Over on the agricultural side of things, Luis is making major strides toward tracking down Teo, as well as ingratiating himself into the narrative’s larger thread. He’s now landed at the Hesby farm, working alongside Isaac and Coy. Through further word of mouth, he meets a young mother named Itzel who provides crucial information about his son — details that, when put together, allow us to extrapolate what very likely happened. Itzel tells Luis that Teo was her friend and someone who stood up for her when she was raped in the tomato fields. (It’s easy to assume her baby is Teo’s, but that theory shifts quickly.)
While it’s only been hinted at in previous episodes, the rape culture that proliferates among the farm workers is placed front and center tonight. Yes, American Crime is doubling down on its upsetting subject matter, but anyone who watches the show should know there’s going to be hard-to-stomach parts of every episode. In an eerie contrast to his role from last season, the opening scene has Jessup’s character, Coy, witnessing Isaac’s brother, Diego, sexually assaulting someone in the fields. Later, as Itzel tells her story, it is revealed Teo earned a severe beating from his bosses for daring to come to her aid, and she never saw him again (that, paired with those first images from the season premiere, paints a morbid picture). But when Luis demands Itzel give him the name of the boss who beat Teo, American Crime doesn’t show her response. Instead, we cut to Diego — which, while not confirming his role in Teo’s disappearance or that he fathered Itzel’s baby — heavily suggests he is responsible for both.
Diego is a busy guy: When he’s not preying on women or assaulting subordinates, he’s teaching the next generation of bosses to instill fear into the hearts of their underlings through pure bullying. Toward the end of the episode, it’s not Diego who doles out the familiar-looking ass-kicking to Coy (who is clearly not pulling his weight, thanks to his Oxy addiction), but Isaac. Tired of his brother constantly emasculating him and angry over Coy’s white-boy cockiness (he bragged to Isaac about how he’s “died” from drug overdoses five times, but was always revived because he learned to shoot up near a fire station) Isaac makes an example of the troubled youth: He beats Coy to a bloody pulp while Luis, fully aware Teo suffered the same fate, watches helplessly.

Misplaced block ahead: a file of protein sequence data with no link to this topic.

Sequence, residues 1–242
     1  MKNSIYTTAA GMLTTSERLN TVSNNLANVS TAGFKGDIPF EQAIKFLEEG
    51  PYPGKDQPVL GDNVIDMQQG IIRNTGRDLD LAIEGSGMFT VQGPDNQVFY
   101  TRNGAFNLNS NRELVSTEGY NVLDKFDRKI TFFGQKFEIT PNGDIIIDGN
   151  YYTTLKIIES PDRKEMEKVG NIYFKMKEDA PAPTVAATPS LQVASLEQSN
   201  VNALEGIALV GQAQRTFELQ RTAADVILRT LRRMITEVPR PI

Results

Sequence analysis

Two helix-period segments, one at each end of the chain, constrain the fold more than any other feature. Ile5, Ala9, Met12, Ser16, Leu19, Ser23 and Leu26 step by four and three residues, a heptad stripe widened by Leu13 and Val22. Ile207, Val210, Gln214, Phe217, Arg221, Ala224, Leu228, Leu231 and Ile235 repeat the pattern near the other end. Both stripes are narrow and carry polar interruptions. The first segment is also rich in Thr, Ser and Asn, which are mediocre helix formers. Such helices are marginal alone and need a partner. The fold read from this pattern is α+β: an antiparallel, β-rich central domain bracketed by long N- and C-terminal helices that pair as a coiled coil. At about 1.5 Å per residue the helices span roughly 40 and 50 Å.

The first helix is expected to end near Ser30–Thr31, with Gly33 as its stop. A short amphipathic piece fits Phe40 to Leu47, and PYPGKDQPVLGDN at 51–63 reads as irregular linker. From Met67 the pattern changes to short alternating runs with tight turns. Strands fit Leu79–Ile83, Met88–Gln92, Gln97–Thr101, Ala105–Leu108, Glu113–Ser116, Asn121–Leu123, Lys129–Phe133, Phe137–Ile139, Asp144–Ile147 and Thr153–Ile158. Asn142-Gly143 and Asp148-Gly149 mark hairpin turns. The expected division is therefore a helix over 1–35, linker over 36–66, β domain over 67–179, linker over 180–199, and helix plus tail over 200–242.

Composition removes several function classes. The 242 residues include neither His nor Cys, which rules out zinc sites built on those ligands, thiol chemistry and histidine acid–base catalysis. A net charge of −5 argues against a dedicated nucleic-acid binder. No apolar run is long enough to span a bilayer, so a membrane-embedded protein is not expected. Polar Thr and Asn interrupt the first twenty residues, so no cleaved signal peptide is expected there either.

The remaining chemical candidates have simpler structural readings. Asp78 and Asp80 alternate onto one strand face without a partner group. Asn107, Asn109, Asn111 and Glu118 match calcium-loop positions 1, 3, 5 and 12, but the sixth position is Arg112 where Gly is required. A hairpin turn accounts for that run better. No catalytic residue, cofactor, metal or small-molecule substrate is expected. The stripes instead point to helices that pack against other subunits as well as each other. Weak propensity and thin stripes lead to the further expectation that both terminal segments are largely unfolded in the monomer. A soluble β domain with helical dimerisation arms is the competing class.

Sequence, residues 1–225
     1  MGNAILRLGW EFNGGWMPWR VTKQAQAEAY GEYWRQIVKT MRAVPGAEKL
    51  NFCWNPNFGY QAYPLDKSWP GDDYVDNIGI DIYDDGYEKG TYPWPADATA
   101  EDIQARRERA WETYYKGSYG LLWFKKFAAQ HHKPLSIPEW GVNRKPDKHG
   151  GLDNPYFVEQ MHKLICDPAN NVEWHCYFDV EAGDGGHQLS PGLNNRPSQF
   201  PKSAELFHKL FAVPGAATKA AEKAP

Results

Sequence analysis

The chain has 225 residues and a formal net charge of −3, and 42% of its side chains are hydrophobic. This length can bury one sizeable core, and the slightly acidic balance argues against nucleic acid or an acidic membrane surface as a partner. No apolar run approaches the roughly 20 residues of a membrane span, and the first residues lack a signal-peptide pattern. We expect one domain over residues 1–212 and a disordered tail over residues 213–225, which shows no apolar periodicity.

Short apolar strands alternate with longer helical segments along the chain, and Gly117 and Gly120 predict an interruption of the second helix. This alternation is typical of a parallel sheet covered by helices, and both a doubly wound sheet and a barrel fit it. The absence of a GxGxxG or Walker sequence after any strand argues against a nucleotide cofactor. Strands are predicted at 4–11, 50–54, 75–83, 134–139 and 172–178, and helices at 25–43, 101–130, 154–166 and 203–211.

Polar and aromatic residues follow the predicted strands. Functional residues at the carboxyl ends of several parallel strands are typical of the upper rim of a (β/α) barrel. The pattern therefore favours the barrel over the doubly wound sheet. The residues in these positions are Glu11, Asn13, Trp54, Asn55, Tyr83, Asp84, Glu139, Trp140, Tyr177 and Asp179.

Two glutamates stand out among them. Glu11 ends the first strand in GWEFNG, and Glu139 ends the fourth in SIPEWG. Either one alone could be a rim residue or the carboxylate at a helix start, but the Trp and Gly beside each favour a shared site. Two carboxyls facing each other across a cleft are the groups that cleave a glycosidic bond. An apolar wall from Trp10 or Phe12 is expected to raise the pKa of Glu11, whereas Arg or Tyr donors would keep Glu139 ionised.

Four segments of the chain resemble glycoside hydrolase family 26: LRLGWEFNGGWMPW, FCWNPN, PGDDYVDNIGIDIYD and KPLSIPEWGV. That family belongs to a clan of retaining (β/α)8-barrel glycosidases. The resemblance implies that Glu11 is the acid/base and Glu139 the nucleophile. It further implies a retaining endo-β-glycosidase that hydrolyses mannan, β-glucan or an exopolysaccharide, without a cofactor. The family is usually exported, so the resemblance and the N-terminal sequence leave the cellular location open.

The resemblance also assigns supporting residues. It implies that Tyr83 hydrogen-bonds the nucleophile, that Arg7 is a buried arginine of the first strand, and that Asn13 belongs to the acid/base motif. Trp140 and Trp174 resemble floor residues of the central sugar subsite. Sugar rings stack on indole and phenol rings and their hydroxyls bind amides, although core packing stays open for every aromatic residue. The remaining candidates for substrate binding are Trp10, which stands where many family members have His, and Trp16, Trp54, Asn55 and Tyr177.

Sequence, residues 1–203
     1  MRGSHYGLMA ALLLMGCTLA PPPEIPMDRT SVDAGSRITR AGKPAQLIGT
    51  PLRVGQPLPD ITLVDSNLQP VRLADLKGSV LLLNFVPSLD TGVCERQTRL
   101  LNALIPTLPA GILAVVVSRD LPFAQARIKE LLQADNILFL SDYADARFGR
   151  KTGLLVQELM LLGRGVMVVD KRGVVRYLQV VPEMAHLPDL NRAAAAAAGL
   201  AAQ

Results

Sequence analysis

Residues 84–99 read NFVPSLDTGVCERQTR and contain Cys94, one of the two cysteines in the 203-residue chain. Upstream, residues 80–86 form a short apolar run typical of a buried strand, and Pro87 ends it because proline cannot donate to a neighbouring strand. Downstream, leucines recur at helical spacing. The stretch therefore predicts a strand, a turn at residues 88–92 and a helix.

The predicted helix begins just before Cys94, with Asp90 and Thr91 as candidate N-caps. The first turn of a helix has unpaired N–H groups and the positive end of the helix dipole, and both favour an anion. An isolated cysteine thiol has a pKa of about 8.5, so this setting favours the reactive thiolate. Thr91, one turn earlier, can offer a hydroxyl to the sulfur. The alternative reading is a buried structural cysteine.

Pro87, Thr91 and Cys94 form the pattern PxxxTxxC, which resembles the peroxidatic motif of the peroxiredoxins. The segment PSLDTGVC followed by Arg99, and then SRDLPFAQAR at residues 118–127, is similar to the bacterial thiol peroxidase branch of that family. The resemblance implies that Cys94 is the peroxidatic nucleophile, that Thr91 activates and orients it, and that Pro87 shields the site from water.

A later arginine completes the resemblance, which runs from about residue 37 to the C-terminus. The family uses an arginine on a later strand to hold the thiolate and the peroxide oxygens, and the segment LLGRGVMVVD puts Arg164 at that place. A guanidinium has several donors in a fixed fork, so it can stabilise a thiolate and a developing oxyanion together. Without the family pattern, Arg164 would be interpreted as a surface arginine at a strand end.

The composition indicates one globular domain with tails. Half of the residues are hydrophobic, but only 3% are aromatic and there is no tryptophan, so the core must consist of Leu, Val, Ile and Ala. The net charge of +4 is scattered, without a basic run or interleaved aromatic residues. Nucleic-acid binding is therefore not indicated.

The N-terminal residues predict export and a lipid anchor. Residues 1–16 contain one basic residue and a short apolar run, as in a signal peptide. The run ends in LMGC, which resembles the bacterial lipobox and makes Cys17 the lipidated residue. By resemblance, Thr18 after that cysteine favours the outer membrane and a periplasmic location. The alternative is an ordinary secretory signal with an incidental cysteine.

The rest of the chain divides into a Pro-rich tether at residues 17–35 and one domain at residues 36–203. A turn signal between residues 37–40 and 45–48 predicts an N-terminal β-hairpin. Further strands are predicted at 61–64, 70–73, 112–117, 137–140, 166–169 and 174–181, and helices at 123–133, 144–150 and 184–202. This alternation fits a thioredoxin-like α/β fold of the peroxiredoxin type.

This brilliantly shot sequence — the beating happens in the distance, as Luis looks on and Diego stands unconcerned to the side — further illustrates the theme of how, as I said last week, the “compost” rolls downhill in this infrastructure. We already know the Hesbys maintain despicable practices, but as a result, their underlings are no better. It’s every man (and woman) for themselves, which means even those suffering are capable of doing terrible things to their fellow humans.
Throughout this atrocious narrative, Jeanette continues to push back against her indifferent in-laws following her investigation of last week’s fire, using her sheer boredom to energize her commitment (“I sit around, that’s what I do all day,” she tells Carson). To her surprise and ours, she winds up finding a kindred spirit in JD — who, just as he did in the previous episode, tells her the truth. The “policy review” Laurie Ann said she would conduct? Total hogwash. Plus, JD drops an even bigger bombshell: Those fires have been happening since he was a boy, and no one has ever tried to reform the system (he calls it “business as usual”). Still, Jeanette finally has an ally, albeit one whose drinking has constantly gotten in the way of his attempts to implement change.
But it’s a start. The final scene of the episode shows the two of them attending a workers’ rally, and while neither of them need to be reminded of how bad things are at the Hesby farm, hearing about the consequences of their ignorance certainly can’t hurt.